Obama: Says McCain was “cheerleading” President Bush’s decision to go into Iraq. 

*I am having a difficult time imagining McCain as a cheerleader….

They both highlighted that a strong economy is important to a strong foreign policy.

Question: What is the Obama doctrine for the use of force when we don’t have national security issues at stake?
Obama: Moves from discussing national security issues to moral imperatives to go in.  Mentioned the Holocaust.  Wants to work with our allies to interfere.

McCain: Says U.S. is a force of good.  He wants to temper American involvement because of the sacrifice of Americans.  He says he has been in these situations all of his life.   

Question:  Should we invade Pakistan?
Obama:  He says Afghanistan and Pakistan is the main front in the War on Terrorism.  He says this is where the war began and will end.   Wants to encourage the democracy of Pakistan and insist they go after militants. 

McCain: Says Obama is announcing he will attack Pakistan.  He wants to, “Talk softly, but carry a big stick.”

Obama clarifies–If Pakistan is unwilling to take out Bin Laden, Americans should.  My friends are debating–this sounds like invasion to many of them!

The is finally turning into a bit of debate.  They are going back and forth and correcting each other.  I find it helpful when they can each clarify their positions and correct answers.  It makes it more fun to watch!

Question: Russia?
McCain:  Russia’s behavior is out of the norm.  Wants to show moral support for Georgia and Ukraine.
Obama:  Wants to provide moral support AND financial support to help their economies.  Obama makes a good point–we need

The question I want to ask–where are we going to get the money from? 

Question: Yes or no question.  Is Russia under Putin an “evil empire”?
Obama: Avoided the question.  It depends on its behavior.
McCain: Maybe.

Question:  If Iran attacks Israel, would you use troops to attack Israel without UN approval?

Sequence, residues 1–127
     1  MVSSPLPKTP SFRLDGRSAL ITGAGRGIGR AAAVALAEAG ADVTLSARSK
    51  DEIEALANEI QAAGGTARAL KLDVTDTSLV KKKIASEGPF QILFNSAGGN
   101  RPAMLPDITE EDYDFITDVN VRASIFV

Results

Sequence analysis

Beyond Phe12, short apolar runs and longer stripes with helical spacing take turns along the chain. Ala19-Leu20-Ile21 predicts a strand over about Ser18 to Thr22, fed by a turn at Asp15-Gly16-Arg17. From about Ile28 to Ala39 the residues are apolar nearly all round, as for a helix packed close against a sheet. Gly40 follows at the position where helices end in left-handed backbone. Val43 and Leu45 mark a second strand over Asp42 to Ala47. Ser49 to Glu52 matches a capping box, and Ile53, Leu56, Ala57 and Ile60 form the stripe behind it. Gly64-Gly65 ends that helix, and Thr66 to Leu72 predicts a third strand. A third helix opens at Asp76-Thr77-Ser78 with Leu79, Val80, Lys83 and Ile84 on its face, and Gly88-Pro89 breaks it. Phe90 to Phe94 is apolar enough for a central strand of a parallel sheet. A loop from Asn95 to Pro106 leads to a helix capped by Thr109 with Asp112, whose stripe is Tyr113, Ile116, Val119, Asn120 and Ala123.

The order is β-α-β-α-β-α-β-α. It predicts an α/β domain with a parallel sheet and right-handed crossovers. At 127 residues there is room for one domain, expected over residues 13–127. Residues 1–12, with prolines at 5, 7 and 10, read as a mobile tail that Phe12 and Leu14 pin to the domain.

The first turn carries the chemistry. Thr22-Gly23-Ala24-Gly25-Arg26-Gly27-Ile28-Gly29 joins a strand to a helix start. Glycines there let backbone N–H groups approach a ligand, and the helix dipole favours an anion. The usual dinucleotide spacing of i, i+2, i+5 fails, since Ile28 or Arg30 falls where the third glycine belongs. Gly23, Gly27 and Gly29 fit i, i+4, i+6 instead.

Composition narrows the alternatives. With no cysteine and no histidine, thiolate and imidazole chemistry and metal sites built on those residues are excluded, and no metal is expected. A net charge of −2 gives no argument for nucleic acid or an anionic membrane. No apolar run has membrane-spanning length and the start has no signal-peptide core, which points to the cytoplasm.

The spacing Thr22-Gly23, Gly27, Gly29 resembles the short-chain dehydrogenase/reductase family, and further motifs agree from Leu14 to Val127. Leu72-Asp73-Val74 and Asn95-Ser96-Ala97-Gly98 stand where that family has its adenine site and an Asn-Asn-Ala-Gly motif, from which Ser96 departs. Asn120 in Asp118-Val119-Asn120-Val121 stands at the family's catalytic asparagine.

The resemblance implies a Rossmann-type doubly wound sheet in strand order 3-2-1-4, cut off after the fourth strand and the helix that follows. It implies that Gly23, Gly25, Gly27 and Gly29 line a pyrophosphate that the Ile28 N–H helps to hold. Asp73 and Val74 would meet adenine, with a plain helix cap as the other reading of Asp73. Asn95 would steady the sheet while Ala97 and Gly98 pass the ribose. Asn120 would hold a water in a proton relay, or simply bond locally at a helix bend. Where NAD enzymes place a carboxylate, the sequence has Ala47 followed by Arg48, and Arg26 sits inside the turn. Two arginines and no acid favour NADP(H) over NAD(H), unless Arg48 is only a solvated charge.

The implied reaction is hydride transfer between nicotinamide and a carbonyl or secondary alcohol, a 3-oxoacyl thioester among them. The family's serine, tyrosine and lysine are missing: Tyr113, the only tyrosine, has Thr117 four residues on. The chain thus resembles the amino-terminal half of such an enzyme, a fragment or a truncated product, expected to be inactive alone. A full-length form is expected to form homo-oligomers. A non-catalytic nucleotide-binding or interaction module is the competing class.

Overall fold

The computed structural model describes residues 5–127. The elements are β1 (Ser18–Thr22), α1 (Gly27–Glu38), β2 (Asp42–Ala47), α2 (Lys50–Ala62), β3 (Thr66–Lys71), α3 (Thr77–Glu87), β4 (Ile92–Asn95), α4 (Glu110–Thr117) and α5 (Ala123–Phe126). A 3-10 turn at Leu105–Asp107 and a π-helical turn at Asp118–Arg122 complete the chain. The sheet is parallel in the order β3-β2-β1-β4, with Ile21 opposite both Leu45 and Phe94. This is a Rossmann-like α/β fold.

McCain: Yes, we go in.  Do not await approval

*Note.  McCain shook his hand.  Let’s see if Obama tries to shake the audience member’s hand as well.

Obama: We can’t allow Iran to have nuclear weapons.  Says its important not to give the UN veto power.  Says he wants to tighten sanctions on Iran.

Question: What don’t you know and how will you learn it?
Obama: Says Michelle could give him a longer list.  He avoids the question and makes his final statement. 

McCain: What will happen at home and abroad.  Focuses on his experience and service.  Says he, “believes in this country.”  Says we need a steady hand at the tiller.  A tiller is a boating term. 

Brokaw: The candidates were in the way of his script.  Funny moment.

Cindy McCain is in a pretty blue skirt suit.  Michelle Obama is in red.  Very patriotic together!

Overall, it was not very exciting.  They rehashed a lot of the same issues.  I don’t think there were any big mistakes by the candidates.  This probably didn’t change many voters.  A lot of discussion about the economy and foreign policy again.    They didn’t speak too much directly to young people or to women, so I didn’t get to evaluate their answers as much as I hoped.  I thought Obama would bring up equal pay, but he didn’t.

An Obama ad just ran, “Change is more than a slogan.”  But this seems to be a slogan too…